On the Borough Hill that overlooks the town, remains have been found of an Iron Age hill fort – one of the largest found in Britain. Remains have also been found on the hill of a Roman villa. Danetre was a Viking Settlement made by the Danish Vikings invading England, which is how its name derived, albeit based on an earlier Brythonic name, see below. These Vikings were led by Ivar the Boneless; all of Eastern Anglia was eventually taken over. Danetre, as it was known then, was a Viking stronghold. People in Daventry still claim Viking descent.
Daventry began as a small Anglo-Saxon village in around 920 and by the 12th century had become home to a priory. In 1255 Daventry was granted a charter to become a market town. In 1576 Queen Elizabeth I granted Daventry borough status.
The town was mentioned by William Shakespeare in Henry VI, Part I, which refers to "the red-nosed innkeeper of Daintree".
The earliest form of the name of Daventry, the Celtic dwy-afon-tre, "the town of two avons,"(i.e. "the town of two rivers"), describes its geographical situation between the nearby sources of the River Leam, which flows west, and the River Nene which flows east. The "Daintree" Shakespeare wrote about, the name persisting to this day, spelt Danetre, grew from a tradition that Danish settlers planted an oak tree on the summit of Borough Hill to mark the centre of England. This part of the town's history is reflected in the town's seal of a Viking/Saxon axeman and an oak tree. The town appears as Dauentre on the Christopher Saxton map of 1637.
English Civil War
During the English Civil War, the army of King Charles I stayed at Daventry in 1645 after storming the Parliamentary garrison at Leicester and on its way to relieve the siege of Oxford. The Royalist army, made up of 5,000 foot and as many horse, camped on Borough Hill (then spelt Burrow Hill) while Charles went hunting in the nearby forests.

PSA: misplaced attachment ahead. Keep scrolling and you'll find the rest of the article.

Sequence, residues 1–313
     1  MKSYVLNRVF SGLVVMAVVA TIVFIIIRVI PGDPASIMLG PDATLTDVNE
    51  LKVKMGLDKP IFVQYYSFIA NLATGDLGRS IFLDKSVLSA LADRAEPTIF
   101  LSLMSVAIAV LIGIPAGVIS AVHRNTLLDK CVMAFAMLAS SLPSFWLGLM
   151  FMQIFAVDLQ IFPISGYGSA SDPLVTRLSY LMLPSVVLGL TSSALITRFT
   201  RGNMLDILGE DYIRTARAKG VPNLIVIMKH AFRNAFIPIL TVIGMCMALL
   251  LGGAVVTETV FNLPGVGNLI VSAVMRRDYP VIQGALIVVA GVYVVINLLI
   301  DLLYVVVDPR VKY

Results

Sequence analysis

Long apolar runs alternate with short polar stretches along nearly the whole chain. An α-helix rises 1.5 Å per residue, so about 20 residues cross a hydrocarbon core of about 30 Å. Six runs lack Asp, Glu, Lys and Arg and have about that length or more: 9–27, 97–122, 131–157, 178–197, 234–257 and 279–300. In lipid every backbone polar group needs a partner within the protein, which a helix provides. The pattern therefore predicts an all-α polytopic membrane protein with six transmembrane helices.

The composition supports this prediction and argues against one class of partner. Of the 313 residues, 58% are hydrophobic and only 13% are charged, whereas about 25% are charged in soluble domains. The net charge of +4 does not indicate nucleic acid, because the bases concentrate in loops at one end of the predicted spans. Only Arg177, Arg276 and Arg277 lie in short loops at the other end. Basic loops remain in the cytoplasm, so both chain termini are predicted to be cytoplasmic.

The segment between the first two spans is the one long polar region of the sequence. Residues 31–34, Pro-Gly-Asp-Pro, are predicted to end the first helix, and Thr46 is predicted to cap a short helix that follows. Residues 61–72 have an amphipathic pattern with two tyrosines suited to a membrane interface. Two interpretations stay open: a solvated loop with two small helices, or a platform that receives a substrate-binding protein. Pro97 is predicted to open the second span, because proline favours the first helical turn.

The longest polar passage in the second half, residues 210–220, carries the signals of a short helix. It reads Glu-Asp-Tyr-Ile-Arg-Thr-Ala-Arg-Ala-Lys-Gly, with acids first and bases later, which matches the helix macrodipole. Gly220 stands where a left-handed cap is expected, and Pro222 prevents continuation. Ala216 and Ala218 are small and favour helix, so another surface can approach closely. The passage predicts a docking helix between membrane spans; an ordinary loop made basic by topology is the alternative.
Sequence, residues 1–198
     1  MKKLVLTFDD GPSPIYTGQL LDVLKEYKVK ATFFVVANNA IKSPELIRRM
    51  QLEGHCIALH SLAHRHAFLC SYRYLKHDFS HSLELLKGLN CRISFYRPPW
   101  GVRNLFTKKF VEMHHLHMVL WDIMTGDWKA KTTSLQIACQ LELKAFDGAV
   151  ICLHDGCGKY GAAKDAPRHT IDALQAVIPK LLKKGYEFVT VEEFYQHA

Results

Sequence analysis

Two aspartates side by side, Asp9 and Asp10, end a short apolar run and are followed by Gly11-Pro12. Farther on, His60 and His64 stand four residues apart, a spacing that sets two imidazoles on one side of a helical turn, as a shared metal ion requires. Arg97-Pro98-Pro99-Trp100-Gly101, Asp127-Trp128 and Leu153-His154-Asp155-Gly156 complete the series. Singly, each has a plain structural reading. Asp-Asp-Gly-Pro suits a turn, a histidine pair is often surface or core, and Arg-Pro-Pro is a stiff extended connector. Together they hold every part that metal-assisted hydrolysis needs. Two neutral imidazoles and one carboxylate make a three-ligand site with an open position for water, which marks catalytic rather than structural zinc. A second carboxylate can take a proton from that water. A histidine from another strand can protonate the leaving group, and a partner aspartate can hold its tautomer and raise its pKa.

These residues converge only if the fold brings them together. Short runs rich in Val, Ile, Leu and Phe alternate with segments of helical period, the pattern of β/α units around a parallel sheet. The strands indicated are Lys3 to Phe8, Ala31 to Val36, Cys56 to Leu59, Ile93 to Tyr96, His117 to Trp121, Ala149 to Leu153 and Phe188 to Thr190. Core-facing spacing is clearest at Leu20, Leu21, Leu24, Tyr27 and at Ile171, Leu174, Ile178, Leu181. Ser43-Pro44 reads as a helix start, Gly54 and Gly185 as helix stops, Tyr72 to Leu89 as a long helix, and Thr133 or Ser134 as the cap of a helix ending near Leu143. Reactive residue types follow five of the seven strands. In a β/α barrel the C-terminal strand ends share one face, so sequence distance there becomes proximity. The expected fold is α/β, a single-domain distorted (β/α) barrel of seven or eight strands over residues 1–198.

According to local legend, it was during his stay at the Wheatsheaf Inn in Daventry that Charles was twice visited by the ghost of his former adviser and friend, Thomas Wentworth, 1st Earl of Strafford, who advised him to keep heading north and warned him that he would not win through force of arms.
However, Parliament's newly formed New Model Army, led by Sir Thomas Fairfax, was marching north from besieging Oxford after being instructed to engage the king's main army. Fairfax's leading detachments of horse clashed with Royalist outposts near Daventry on the 12th of June, alerting the king to the presence of the Parliamentary army. The Royalists made for their reinforcements at Newark-on-Trent but after reaching Market Harborough turned to fight, which resulted in the decisive Battle of Naseby. The village of Naseby is approximately northeast of Daventry.
Stagnation and decline 1840–1960
The main roads from London to Holyhead passed through Daventry and the town for centuries flourished as a coaching town. There were many coaching inns in the town of which only the Dun Cow, Saracens Head and the Coach and Horses remain as inns.
But when the London and Birmingham Railway was opened in 1838 the coaching trade slumped and the town entered a long period of stagnation and decline which lasted for over a century. The Industrial Revolution largely passed Daventry by owing to its poor transport links. The canals passed around Daventry, although the Grand Junction Canal (now Grand Union) passed a few miles north. A branch from the Grand Union Canal to Daventry was proposed but was never built.